U.S. Brigadier General David E. Twiggs wakes up to the screams of slaves who are coming home from market. “We’re all going to be killed!”, they scream. It is 4am in San Antonio, Texas. Texas Rangers appear, two by two, on muleback and horseback, mounted and on foot, carrying the Lone Star flag. By daylight, more than a 1,000 Rangers move into San Antonio. There is much enthusiasm from fellow Texans; even two women dressed in male attire, with pistols in their belts, mount their horses to meet up with their friends.
Twiggs eventually rides down to the main plaza, where he is instantly surrounded by secessionists demanding U.S. government property. He refuses their requests.
While many in the town are surprised by this development, Twiggs is not. While Twiggs wears a U.S. military uniform, his loyalties are not with the Union. As he wrote U.S. General Winfield Scott in December of last year, his home is Georgia. If Georgia seceded, he would follow her. Georgia had seceded on January 19. He had met with the Confederate commissioners on February 7, and had told them he would surrender. But first, there was a “show” to put on for the U.S. federal troops.
Twiggs pretends he is surprised. He meets with the leader of the Rangers, Ben McCulloch, and is given six hours to “reconsider” his public declaration that he would not hand over U.S. government property. By noon, Twiggs surrenders all of the U.S. posts and stores in Texas to the Confederacy. This includes 20 military installations, 44 cannons, 400 pistols, 1,900 muskets, 500 wagons, and 950 horses, valued at a total of $1.6 million. He insists that all U.S. troops retain personal arms and sidearms, along with all artillery, flags, etc.
Orders are sent to all of the Texas outposts to turn over the military property to the State. The officers and men are widely scattered, and many of them are taken completely by surprise. The Federal troops in town give their parole “not to take up arms” against the Confederacy, and are ordered to leave the post in the afternoon. Twiggs will leave for New Orleans, where he will be received with Confederate public honors. The Federal troops are filled with indignation.
Around 2pm, U.S. Colonel Robert E. Lee arrived from Fort Mason, Texas, on his way to Washington City. He approaches a woman, Caroline Baldwin Darrow, who is the wife of a clerk with the U.S. forces. Lee looks at the Rangers and asks “Who are those men?” Caroline answers that “They are McCulloch’s. General Twiggs surrendered everything to the State this morning, and we are all prisoners of war.”
Caroline would write in her diary about Lee’s response:
I shall never forget his look of astonishment, as with his lips trembling and his eyes full of tears, he exclaimed, “Has it come so soon as this?” In a short time I saw him crossing the plaza on his way to headquarters, and noticed particularly that he was in citizen’s dress. He returned at night and shut himself in his room, which was over mine, and I heard his footsteps through the night, and sometimes the murmur of his voice, as if he were praying.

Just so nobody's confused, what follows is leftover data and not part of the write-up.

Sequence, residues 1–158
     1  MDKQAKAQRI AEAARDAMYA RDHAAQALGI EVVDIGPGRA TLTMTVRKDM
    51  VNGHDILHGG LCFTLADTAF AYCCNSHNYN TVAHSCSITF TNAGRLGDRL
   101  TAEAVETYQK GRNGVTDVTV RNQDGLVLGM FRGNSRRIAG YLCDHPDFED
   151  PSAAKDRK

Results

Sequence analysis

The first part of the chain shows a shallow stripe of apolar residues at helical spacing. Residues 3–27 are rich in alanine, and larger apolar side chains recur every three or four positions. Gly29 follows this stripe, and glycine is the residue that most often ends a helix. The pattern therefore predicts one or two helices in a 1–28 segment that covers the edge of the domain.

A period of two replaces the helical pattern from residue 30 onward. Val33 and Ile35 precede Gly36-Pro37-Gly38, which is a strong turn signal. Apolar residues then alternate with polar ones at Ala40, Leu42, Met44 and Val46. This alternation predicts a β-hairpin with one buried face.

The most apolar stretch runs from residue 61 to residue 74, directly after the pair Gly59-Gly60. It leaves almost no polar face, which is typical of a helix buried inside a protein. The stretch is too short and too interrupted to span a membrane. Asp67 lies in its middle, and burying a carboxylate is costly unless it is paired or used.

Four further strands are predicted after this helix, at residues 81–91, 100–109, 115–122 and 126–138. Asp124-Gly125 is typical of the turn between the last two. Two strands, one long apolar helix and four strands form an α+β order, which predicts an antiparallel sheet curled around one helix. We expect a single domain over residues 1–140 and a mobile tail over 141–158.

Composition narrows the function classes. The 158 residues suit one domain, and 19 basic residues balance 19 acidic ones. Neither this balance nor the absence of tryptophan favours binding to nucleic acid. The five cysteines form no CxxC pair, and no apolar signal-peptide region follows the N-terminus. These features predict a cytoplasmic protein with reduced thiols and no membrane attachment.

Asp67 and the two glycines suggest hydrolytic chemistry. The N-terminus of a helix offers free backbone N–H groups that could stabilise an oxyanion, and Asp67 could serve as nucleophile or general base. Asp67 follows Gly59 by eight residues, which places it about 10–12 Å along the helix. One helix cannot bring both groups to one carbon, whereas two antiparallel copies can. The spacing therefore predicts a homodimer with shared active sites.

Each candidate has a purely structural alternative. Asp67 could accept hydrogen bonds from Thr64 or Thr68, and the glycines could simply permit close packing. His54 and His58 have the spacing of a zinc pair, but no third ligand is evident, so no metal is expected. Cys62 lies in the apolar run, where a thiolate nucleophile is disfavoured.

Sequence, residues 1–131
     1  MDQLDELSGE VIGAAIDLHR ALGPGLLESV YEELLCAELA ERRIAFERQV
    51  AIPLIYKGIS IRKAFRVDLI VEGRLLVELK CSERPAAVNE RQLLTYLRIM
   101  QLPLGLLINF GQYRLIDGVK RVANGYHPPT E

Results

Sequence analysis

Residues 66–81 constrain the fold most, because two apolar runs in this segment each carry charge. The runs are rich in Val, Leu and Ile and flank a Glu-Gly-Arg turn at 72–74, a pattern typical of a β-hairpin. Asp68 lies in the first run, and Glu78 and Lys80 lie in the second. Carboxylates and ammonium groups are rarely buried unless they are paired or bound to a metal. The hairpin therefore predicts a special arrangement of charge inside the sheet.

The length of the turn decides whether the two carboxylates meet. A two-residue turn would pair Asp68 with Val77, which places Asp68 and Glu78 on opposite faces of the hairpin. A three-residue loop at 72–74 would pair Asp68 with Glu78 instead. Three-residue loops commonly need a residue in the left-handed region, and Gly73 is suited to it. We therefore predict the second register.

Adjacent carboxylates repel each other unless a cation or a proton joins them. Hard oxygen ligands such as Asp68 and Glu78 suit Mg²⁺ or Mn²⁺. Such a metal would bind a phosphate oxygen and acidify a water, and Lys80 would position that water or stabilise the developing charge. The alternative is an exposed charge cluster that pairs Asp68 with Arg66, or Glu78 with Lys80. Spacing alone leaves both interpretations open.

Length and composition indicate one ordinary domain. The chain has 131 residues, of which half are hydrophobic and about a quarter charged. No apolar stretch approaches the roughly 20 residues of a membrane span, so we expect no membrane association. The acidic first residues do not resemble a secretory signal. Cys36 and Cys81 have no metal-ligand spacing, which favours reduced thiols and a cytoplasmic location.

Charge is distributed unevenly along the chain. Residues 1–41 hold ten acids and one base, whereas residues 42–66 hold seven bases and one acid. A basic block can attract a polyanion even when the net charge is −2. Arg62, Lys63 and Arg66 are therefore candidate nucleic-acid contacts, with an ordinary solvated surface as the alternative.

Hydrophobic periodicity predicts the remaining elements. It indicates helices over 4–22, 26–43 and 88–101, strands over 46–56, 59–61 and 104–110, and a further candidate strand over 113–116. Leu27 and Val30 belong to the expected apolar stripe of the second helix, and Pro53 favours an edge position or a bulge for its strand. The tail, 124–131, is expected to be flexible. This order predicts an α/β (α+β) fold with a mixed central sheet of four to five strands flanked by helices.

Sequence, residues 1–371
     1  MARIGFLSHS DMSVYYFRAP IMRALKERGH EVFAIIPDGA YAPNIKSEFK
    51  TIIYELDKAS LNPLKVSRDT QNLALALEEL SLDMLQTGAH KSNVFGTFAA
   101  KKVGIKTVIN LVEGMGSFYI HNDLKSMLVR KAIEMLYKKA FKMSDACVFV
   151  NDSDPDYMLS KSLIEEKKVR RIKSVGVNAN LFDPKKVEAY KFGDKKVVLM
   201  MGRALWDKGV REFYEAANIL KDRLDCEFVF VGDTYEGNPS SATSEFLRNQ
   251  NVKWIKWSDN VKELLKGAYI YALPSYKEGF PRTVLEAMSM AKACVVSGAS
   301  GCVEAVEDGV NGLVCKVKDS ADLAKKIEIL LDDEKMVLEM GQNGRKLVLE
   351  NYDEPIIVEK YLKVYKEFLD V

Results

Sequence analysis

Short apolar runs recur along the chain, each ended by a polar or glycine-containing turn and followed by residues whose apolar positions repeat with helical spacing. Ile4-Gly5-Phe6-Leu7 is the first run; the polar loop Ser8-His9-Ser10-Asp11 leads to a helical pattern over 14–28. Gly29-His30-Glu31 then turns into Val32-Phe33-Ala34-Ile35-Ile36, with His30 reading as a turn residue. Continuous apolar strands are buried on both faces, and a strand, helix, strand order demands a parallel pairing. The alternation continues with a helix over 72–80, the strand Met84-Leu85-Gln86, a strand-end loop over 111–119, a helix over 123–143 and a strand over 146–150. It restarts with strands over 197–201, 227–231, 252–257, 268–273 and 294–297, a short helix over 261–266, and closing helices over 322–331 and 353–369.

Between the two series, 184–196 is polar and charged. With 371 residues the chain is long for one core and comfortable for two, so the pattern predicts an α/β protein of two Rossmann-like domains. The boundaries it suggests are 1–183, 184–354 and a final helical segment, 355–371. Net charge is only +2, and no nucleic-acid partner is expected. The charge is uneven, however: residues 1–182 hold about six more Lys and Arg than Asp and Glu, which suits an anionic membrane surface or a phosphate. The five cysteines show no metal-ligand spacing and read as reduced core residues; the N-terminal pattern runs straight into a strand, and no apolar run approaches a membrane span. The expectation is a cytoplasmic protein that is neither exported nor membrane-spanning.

In Ohio, U.S. President-elect Abraham Lincoln makes his way by train from Cleveland, Ohio to Buffalo, New York. He is still hoarse and fatigued, and keeps his remarks to the crowds very brief. In Ashtabula, Ohio, the crowd calls for Mrs. Lincoln. Her husband remarks that “I should hardly hope to induce her to appear, as I had always found it very difficult to make her do what she did not want to.” In the village of Conneaut, someone shouts to Lincoln “Don’t give up the ship!”. Lincoln replies “With your aid I never will as long as life lasts.”
In Westfield, New York, Lincoln asks the crowd if Grace Bedell might be present. The 12-year old girl had written him a letter in October 1860, suggesting that he grow a beard because his face was so thin. Also, because “All the ladies like whiskers and they would tease their husband’s to vote for you and then you would be President.” Lincoln had written her back at the time, stating:
I regret the necessity of saying I have no daughters. I have three sons — one seventeen, one nine, and one seven, years of age. They, with their mother, constitute my whole family.
As to the whiskers, having never worn any, do you not think people would call it a piece of silly affection if I were to begin it now? Your very sincere well-wisher, A. Lincoln
Now with a full beard, Lincoln leaves the train car and makes his way through the crowd, who is pointing out a young girl with black hair and black eyes. When he reaches her, he gives her several kisses on her cheek. The young girl blushes.
Upon his arrival in Buffalo, Lincoln is heartily greeted by former (13th) President Millard Fillmore. The crowds are once again very large, but they are more forceful than the previous stops. At one point the crowd makes a rush, overpowering Lincoln’s guard. There is wild confusion and cries of distress from all sides of the crowd. Lincoln, due to the desperate efforts of those immediately around him, gets out of the chaos, while his family & the rest of their party fights to get to the awaiting carriages to take them to the hotel.
The scene at The American Hotel is no better. The party of men accompanying Lincoln insist that he decline all further public receptions, as they can’t guarantee his protection. He does eventually make a few remarks outside of his hotel once the crowds calm down, once again giving similar remarks to those given in previous cities. In the crowd is a 23-year old lawyer, Stephen Grover Cleveland. This young man will eventually become the 22nd and 24th President of the United States.